With office occupancy rates steadily rising and asset prices reaching new highs, investors are looking for the next best bet for office investment, especially in high-demand central business district (CBD) markets. However, according to a recent report by JLL, office vacancies rose to 14.9 percentby the end of 2017, and are expected to reach an even higher percentage by the end of 2019. Obviously, traditional investment in high-rise office product is no longer the strongest opportunity for investors.
With high prices and vacancies on their minds, many investors are turning away from high-rise office investment and increasingly looking toward mid-rise properties as the future of office investment. As an office investor with over 20 years of experience, we have compiled the top drivers behind increased investor activity in the mid-rise office market.
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Apartment renters have claimed more than 90 percent of the units in downtown’s tallest residential project: The 40-story Market Square Tower that gained national attention for its glass-bottomed sky pool hovering above Preston Street.
The leasing milestone, reached in December, shaved three months off Woodbranch Investments Corp.’s projected 15-month timeline and signals downtown is no longer limited to 9-to-5 office workers and theater goers. Bars and restaurants, food halls and parks are catering to a growing population, thanks to incentives provided by the Downtown Living Initiative.
Click to read more at www.chron.com
In the coming days, Toyota Music Factory is set to open 11 restaurants, including six concepts from Big Beat Dallas.
Big Beat Dallas is the creation of someone known to many in Fort Worth: Billy Bob Barnett, the namesake and creator of Billy Bob’s Texas.
Along with the restaurants, Toyota Music Factory announced that Texas Lottery Plaza, an open-air central gathering space that includes a full-production performance stage for all types of live entertainment and community events, will open March 19.
Click to read more at www.fortworthbusines.com
The first permitted, 3D-printed home created specifically for the developing world was unveiled today in Austin, Texas by New Story, the non-profit working to create a world where no human being lives in survival mode, and ICON, the newly launched construction technologies company leading the way into the future of homebuilding by using 3D printing to make major advancements in affordability, building performance, sustainability and customizability.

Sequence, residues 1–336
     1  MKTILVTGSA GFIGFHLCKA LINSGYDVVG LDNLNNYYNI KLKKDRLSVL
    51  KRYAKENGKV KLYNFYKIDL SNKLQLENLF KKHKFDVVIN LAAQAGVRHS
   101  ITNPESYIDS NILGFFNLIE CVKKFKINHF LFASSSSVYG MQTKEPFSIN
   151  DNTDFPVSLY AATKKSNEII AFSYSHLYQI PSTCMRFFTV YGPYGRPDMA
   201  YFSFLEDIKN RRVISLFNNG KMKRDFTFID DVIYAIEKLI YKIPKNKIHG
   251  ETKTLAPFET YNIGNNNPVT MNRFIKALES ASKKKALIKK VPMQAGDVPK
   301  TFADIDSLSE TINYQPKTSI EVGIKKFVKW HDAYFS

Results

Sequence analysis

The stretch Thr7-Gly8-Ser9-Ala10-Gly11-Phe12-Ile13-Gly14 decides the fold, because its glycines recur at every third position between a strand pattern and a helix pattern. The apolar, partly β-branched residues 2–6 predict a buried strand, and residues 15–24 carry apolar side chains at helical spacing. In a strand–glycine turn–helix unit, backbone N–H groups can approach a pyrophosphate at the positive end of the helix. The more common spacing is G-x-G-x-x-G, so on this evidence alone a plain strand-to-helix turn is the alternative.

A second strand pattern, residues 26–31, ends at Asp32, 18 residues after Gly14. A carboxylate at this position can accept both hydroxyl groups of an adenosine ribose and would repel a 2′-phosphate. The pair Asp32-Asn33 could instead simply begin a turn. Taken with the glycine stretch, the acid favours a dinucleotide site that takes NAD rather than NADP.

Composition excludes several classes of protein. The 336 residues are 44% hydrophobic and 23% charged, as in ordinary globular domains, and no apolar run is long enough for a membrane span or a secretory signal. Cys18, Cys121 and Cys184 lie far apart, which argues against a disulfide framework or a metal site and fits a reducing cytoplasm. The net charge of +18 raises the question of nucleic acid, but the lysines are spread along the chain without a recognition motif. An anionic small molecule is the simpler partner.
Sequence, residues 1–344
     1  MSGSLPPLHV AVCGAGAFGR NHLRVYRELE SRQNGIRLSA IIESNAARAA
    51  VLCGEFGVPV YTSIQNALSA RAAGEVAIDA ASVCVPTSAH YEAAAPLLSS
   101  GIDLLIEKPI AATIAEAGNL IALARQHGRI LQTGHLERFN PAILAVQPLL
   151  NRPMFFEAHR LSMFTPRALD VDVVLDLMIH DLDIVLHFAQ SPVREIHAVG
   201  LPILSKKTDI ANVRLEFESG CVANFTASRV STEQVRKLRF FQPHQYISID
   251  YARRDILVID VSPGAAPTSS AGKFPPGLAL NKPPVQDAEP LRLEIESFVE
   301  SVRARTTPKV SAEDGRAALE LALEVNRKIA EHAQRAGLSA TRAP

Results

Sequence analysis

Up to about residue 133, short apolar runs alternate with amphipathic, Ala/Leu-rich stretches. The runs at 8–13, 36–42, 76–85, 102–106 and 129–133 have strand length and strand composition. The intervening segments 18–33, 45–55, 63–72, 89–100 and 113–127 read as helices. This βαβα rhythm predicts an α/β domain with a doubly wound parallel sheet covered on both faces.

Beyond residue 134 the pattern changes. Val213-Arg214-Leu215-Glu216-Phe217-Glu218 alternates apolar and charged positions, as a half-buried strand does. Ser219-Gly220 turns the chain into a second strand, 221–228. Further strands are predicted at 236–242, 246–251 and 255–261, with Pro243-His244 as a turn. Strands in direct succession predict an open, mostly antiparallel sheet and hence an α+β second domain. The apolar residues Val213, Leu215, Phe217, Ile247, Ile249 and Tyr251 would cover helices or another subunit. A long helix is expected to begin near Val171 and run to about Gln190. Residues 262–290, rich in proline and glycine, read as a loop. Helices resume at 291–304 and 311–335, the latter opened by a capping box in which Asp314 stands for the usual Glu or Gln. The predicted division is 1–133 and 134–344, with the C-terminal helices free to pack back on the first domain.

The 3D-printed home serves as proof-of-concept for sustainable homebuilding that will allow for safer, more affordable homes for more families, faster than ever. The printer, called the Vulcan, is designed to work under the constraints that are common in places like Haiti and rural El Salvador where power can be unpredictable, potable water is not a guarantee and technical assistance is sparse. It’s designed to tackle housing shortages for vulnerable populations instead of building with profit motivation.
Click to red more at www.businesswire.com
BY AMY SORTER
In October 2016, AT&T announced development of the Discovery District, an urban-tech center that would house its downtown Dallas headquarters building, while creating pedestrian-friendly sidewalks, restaurants and a shopping component. AT&T, which relocated to the Dallas CBD building from San Antonio in 2008, opted to remain in place, and to invest $100 million to renovate the inside and outside of its headquarters.
And, in March 2018, J. Mark Schleyer, AT&T’s Senior Vice President of Corporate Real Estate, stopped by the North Texas CCIM Chapter to discuss what was happening with the Discovery District – and what could be expected as it moves toward its 2019 opening date. Specifically, the real estate head presented his remarks, and some cool slides, at the CCIM
monthly luncheon, on March 15, 2018, at the Park City Club in Dallas.
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With the future of Frisco’s $2 billion Wade Park up in the air, everyone wants to know: What happens now?
Not with just the mixed-use project, but with that huge hole in the ground they’ve dug along Dallas North Tollway.
Excavation stopped almost a year ago on the site of what was supposed to be a row of high-rise buildings along the east side of the tollway near Lebanon Road. With the developer defaulting on more than $130 million in debts, lenders for the 175-acre project are threatening to foreclose.
Click to read more at www.dallasnews.com